But hey, it’s not all bad. Having left-over stock can have many advantages. You’ll have a head start on next year, if you plan on stowing your stock away. At that point, your product will already have been marketed by the prior-year of buyers. Free advertising?
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How to Sell Overstock Inventory
One option for selling excess inventory is to remarket it. If you’re a crafty business owner and your product isn’t seasonal, you have an advantage here. You can remarket it a million times. It’s all in the marketing. If your product is seasonal, you might be feeling some pressure to sell. But there will always be consumers late to the party. Why would anyone need pumpkin carvers six weeks after Halloween? Stop judging me.
2. Have a Sale!
If you notice you’re not getting the traffic you expected this season, plan a sale and advertise well. Whether a clearance sale, flash sale, or seasonal sale, you’ll be sure to see a dent in your stock.
3. Sell Online
Having the product in supply is a plus when selling online. Amazon and eBay give your business a global, year-round reach. Online shopping is so convenient and hard to resist for consumers, especially when there is a sale. If you’re already making use of your online presence, take a look at some holiday marketing tips to consider to give your promotions a bit of a boost.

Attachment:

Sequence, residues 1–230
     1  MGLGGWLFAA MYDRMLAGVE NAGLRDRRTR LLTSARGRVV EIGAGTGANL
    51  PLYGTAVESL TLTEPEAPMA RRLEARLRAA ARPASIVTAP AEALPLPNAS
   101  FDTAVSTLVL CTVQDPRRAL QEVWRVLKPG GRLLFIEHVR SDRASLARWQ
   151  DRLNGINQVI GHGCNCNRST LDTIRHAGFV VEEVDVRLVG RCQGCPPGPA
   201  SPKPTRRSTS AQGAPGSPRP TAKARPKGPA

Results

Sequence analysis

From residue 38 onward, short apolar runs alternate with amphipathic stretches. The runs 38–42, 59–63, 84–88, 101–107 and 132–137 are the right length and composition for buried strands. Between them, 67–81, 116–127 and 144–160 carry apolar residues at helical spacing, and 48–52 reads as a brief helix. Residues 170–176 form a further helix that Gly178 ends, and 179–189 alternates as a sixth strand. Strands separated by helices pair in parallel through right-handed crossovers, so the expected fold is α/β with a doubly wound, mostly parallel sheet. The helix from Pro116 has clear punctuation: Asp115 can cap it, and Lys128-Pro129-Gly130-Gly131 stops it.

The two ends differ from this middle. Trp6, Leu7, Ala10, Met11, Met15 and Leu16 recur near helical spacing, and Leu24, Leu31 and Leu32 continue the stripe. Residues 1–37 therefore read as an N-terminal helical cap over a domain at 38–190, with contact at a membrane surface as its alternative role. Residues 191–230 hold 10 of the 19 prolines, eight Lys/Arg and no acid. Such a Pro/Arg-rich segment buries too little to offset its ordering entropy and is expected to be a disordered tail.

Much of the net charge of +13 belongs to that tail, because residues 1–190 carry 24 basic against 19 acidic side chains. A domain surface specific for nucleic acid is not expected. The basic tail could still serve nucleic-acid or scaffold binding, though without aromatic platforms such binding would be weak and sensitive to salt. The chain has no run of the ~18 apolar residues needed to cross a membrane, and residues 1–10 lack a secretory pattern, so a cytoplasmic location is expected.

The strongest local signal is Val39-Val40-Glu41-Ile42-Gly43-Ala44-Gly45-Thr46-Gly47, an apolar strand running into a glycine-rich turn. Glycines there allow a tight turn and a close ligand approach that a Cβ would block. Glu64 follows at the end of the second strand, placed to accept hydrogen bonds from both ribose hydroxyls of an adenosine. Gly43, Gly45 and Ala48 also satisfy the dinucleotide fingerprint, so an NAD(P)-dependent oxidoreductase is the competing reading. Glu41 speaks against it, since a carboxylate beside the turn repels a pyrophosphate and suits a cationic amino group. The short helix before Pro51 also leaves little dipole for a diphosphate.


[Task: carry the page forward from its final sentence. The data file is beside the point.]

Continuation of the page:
Online shopping is so convenient and hard to resist for consumers, especially when there is a sale.
During the holidays, there are sales before, during, and after season. When will it be too late to sell to consumers? If you happen to find out, as many retailers do, then you’re left with a few options.
Now, if you’re looking to clear house, you may consider selling to a liquidator, which many companies do. Selling to a liquidator gets rid of your overstock in bulk for a discounted price. There will usually be an interested buyer to take out of season products off your hands. The liquidator will then sell these products at a discounted price. You should do this before you have to write any product off as too much of a loss. Look into B2B bulk marketplaces. Many companies survive solely on liquidation, and this could be a great business opportunity in terms of building connections. It’s good for liquidators, consumers, and you.